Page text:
Saturday, 22 February 2014

One Night in Winter by Simon Sebag Montefiore

I have enjoyed Simon Sebag Montefiore's TV series, most recently the one on the history of Byzantium, but I have never read any of his books. So I was delighted to receive this one from the publisher and curious to find out if I would enjoy it.

It opens in the final months of the Second World War with the shooting of two teenage friends in Moscow. However, as one of the investigating policemen says, 'These aren't just any dead children.'  Their parents are high up in government, as are the parents of their friends. They belonged to a secret club called The Fatal Romantics Club, seeming innocent and childish, but suddenly under the glare of the investigation it becomes much more. The inquiry into the deaths becomes like a sinkhole opening up in the lives of everyone who knew this boy and girl. It gets bigger and bigger and more and more people are drawn in - friends, siblings, parents, teachers.

I thought that this book was so good at evoking the poisonous atmosphere of Stalinist Russia. It's not something I know much about, I recognised very few of the real life characters in it. Being close to Stalin was no guarantee of safety. He was so unstable and capricious that you could be his favourite one day and arrested the next. No-one could reveal the slightest suggestion of doubt in his leadership. No-one could be trusted, not even your own family. There was always someone prepared to betray, either through ambition, or fear, or because they genuinely believed in communism. I actually found some parts of it quite distressing to read.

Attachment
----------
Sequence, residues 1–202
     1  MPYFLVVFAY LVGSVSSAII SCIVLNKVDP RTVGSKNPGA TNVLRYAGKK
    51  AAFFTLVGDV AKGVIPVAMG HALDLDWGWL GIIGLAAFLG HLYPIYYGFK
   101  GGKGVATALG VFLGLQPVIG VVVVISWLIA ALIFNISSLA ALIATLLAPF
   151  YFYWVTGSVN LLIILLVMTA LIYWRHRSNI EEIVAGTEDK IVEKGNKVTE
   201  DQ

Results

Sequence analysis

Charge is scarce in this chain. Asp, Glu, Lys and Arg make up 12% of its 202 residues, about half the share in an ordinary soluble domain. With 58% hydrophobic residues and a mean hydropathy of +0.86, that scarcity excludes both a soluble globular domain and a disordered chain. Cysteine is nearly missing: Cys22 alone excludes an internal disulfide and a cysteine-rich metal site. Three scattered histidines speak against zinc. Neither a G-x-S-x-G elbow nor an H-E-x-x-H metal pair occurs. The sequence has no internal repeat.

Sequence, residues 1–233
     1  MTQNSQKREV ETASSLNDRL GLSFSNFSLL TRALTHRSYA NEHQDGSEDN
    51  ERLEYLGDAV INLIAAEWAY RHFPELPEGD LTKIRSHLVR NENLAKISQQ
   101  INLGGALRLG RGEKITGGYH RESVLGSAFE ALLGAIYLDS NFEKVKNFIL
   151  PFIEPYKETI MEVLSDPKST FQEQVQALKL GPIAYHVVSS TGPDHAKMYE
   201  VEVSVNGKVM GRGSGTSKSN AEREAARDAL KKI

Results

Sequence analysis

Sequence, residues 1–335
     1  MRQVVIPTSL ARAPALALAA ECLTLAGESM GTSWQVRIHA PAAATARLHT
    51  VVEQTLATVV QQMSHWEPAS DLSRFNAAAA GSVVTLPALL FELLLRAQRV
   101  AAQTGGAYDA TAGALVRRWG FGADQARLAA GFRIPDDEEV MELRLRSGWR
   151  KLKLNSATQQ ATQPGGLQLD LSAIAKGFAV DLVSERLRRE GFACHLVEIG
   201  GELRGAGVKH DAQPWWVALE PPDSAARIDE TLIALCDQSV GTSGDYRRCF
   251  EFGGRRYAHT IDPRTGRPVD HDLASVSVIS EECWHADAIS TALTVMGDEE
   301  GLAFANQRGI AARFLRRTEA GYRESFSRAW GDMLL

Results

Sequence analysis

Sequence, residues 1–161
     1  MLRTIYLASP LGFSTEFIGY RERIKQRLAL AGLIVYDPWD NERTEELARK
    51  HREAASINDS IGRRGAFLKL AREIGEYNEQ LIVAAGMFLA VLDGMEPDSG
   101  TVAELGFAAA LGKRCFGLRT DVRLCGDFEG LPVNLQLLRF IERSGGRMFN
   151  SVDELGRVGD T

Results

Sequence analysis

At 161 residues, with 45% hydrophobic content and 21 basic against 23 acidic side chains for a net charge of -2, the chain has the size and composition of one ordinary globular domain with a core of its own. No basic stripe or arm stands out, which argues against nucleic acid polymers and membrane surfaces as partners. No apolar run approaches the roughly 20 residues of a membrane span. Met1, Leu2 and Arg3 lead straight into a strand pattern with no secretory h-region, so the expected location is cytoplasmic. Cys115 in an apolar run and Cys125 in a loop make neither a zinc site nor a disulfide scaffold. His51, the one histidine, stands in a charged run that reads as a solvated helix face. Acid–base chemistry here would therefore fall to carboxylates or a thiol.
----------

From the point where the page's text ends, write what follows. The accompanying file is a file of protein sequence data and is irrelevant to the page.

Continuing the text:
In the afterword Simon Sebag Montefiore writes, "This is not a novel about power but about private life - above all, love." I much preferred the parts of the story about the politics to the parts about the love affairs. The horror of being caught in the web around Stalin with no way to escape, and no choice but to play the game to survive was so powerfully rendered. I also found the descriptions of how the mothers felt when their children were being arrested very powerful and moving. They were so terrified and so helpless.

I really enjoyed this, it's a proper page-turner and kept me gripped to the end. I will definitely read more by Simon Sebag Montefiore.


  1. This isn't an author I'd heard of, but the book sounds very interesting - unfortunately though not available in the US yet. And I'd really like to see his series on Byzantium, which fascinates me.

    1. It was a really good series Lisa, packed with information about the history. I hope you get to see it.